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School security funding dealt setback as part of gun-control bill

School security funding dealt setback as part of gun-control bill

WASHINGTON—Legislation to provide $40 million a year to improve security in the nation's schools has bipartisan support, but it was dealt a blow after the Senate rejected an amendment to which it was linked: expanded background checks on gun purchases.

The School Safety Enhancements Act of 2013 would authorize federal funding for state, local and tribal governments to improve security at elementary and secondary schools. Grants could be used to install metal detectors and surveillance equipment, train school personnel and students, and implement other safety measures.

The bill, a reauthorization of the Secure Our Schools Act of 2000, has support from the Security Industry Association and it had passed in committee. Originally sponsored by Sen. Barbara Boxer, D-Calif., the SOS measure was included as Title III of the background-check provision. That item went down to defeat in a 54-46 vote on April 17.

Marcus Dunn, director of government relations for SIA, said that Boxer's office plans to bring up the SOS provision as a separate piece of legislation to try to get it passed.

“It started as a stand-alone bill, then it went to committee and got amended, then the Senate attached it [to the background-check legislation],” he told Security Systems News. “This is just considered a temporary setback. They will definitely bring it up again as a stand-alone.”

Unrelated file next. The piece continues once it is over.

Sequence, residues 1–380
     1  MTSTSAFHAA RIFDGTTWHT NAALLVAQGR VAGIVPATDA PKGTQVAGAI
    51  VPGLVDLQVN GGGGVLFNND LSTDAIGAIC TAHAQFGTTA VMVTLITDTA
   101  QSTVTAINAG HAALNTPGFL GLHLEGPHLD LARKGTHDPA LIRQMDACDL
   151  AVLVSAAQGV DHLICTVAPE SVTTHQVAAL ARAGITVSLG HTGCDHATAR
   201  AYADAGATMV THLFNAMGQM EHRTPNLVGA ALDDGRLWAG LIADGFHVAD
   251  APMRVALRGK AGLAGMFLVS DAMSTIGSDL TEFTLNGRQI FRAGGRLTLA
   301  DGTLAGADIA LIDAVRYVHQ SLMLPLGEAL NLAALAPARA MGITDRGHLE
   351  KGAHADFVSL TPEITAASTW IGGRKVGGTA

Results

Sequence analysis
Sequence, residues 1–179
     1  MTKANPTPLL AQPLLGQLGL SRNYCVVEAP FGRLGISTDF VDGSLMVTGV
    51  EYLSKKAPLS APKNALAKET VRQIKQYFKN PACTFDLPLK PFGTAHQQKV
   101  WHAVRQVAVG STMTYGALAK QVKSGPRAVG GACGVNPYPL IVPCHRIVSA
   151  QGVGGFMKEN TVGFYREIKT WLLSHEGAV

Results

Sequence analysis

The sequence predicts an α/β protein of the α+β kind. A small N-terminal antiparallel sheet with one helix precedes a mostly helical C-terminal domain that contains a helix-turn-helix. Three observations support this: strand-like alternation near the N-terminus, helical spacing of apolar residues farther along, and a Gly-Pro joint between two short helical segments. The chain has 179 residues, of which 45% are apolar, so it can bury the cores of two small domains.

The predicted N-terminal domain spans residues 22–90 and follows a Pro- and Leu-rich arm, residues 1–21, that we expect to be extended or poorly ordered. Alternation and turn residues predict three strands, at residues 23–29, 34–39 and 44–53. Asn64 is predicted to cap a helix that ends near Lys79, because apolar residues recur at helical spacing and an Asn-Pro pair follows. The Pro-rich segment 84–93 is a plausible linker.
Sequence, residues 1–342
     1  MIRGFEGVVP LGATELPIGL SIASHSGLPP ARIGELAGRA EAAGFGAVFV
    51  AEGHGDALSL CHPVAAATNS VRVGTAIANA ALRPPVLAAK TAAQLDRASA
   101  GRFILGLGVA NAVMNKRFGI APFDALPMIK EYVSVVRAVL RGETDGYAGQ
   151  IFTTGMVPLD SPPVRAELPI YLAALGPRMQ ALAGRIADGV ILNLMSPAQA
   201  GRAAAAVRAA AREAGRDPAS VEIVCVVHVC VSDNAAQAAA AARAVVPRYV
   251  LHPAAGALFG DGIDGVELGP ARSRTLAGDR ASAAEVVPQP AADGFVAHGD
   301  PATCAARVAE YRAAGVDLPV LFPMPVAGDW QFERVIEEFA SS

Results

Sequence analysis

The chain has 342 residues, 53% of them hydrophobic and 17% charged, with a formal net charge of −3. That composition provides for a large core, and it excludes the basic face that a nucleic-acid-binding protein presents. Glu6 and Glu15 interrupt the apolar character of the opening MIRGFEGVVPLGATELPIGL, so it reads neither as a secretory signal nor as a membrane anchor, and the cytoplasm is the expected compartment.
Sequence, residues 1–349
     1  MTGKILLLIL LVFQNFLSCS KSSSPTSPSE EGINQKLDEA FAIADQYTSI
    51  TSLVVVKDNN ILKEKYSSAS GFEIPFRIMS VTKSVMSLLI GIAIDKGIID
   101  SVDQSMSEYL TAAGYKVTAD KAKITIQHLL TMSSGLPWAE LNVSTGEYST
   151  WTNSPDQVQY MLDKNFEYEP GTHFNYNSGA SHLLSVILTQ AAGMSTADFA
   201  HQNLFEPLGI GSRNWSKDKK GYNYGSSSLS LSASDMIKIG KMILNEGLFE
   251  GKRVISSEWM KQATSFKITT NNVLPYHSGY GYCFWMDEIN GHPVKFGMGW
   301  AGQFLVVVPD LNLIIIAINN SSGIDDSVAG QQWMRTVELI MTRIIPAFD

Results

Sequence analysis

Dunn said efforts to pass the school security initiative recently got a boost from the National Rifle Association, which released a report by its National School Shield Task Force. While the NRA's call to have armed officers in every school has generated a lot of opposition, other provisions in the report are far less controversial.

“There are recommendations to use surveillance equipment and controlled access, and perhaps audio, to make schools safer than they are today,” Dunn said. “There's always a little cloud of dust that seems to follow the NRA, but there are a lot of options in there that make sense, at least from the industry's perspective.”

On another security front, SIA is working to expand the deployment of Transportation Worker Identification Credential (TWIC) readers at the nation's ports. In a notice of proposed rulemaking in March, the U.S. Coast Guard said mandatory installation of the biometric card readers should be limited for now to higher-risk facilities, or what Dunn called category A ports. SIA would like to see the requirement expanded to category B and C ports as well.

“They cite cost burdens to the [B and C] ports, and their risk assessment at this time is that they're not on the priority list,” he said. “Our argument is that [those] ports need to be secured and the numbers that they used to determine the cost burden are incorrect. It's very old information, and as we know when products are developed the price comes down, especially in the technology sector. Sometimes in six months' time the price can drop dramatically.”

The rule as written would affect 532 facilities at an annual cost of $26.5 million, according to the Coast Guard. The deadline for comments is May 21, with publication of the final rule expected in 2014. If the final version is not acceptable, Dunn said SIA would go to Capitol Hill to try to get it changed legislatively.


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